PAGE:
Reporting

(xi)   The Minister must ensure that an independent report on the operation of the FiT scheme is prepared and tabled each year. The report must include details of total renewable energy produced and total payments made under the FiT scheme, and the total receipts from the FiT levy.

(xii)   The Minister must provide statements explaining how the FiT rates and FiT levy rates are calculated and must table those statements in both Houses of Parliament each year.

Australia could be on the cusp of a renewable energy revolution that will create tens of thousands of jobs and billions of dollars in new infrastructure investment, helping to build us out of the economic downturn by building a zero-emissions, climate friendly energy network. But if we are to see this come to pass, we need to drive the changes from the federal level. A strong, national, gross feed-in tariff for all technologies legislated by the Commonwealth is the best way to do this.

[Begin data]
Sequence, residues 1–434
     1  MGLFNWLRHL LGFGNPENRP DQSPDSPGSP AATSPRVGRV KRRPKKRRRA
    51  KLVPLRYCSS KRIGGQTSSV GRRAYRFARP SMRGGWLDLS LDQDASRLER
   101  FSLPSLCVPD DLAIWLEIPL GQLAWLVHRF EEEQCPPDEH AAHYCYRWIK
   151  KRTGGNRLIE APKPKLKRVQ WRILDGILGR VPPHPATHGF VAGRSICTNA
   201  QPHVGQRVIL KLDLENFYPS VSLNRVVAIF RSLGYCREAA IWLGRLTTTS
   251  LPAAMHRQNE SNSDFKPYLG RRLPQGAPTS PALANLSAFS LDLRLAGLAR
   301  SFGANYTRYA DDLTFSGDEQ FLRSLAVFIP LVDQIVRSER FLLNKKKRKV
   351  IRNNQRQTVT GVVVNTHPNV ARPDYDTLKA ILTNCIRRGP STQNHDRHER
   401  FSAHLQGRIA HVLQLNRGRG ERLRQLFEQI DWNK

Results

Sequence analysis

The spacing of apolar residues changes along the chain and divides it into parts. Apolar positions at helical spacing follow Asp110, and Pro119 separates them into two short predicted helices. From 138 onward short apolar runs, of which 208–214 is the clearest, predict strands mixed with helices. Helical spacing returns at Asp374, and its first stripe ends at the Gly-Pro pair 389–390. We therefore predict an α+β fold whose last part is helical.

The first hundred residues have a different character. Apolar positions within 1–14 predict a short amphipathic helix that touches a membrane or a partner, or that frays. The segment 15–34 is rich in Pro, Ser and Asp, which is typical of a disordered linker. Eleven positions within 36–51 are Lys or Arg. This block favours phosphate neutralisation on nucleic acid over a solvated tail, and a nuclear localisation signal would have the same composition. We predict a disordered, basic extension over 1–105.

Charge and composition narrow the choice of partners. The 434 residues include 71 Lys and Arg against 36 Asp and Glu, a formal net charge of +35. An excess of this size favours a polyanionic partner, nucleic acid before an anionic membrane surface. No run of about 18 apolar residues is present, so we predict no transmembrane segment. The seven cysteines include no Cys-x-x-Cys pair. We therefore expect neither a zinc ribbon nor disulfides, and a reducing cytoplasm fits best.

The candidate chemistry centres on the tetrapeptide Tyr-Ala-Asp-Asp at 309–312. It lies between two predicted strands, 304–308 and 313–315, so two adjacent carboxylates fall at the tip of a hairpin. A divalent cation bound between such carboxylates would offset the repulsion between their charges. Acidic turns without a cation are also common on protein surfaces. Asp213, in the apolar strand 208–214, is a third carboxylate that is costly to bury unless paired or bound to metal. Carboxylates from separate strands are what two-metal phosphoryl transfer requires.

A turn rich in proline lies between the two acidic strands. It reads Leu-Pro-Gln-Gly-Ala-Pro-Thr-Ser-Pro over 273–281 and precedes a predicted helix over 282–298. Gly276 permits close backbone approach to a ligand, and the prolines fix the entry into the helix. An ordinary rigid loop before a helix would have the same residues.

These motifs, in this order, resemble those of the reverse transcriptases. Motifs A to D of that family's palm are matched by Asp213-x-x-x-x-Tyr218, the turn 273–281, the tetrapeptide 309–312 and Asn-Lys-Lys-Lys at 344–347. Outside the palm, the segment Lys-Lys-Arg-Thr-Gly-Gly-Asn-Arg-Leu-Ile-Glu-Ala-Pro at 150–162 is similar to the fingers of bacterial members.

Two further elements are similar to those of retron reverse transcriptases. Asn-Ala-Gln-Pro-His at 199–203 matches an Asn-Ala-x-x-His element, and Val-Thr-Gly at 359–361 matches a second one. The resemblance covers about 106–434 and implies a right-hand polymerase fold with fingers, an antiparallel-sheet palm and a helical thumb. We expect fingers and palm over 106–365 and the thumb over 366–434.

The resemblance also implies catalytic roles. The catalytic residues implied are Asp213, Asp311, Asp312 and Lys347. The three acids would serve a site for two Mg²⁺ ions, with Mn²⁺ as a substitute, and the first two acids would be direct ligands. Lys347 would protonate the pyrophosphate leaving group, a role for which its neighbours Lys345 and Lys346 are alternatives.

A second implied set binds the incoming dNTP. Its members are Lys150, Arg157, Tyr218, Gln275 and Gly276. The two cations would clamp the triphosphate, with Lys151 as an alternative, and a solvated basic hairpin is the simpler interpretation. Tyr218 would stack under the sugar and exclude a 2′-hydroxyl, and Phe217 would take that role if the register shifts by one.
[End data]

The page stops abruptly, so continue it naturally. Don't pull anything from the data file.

I commend the Bill to the Senate.


Senator MILNE —I seek leave to continue my remarks later.

Leave granted; debate adjourned.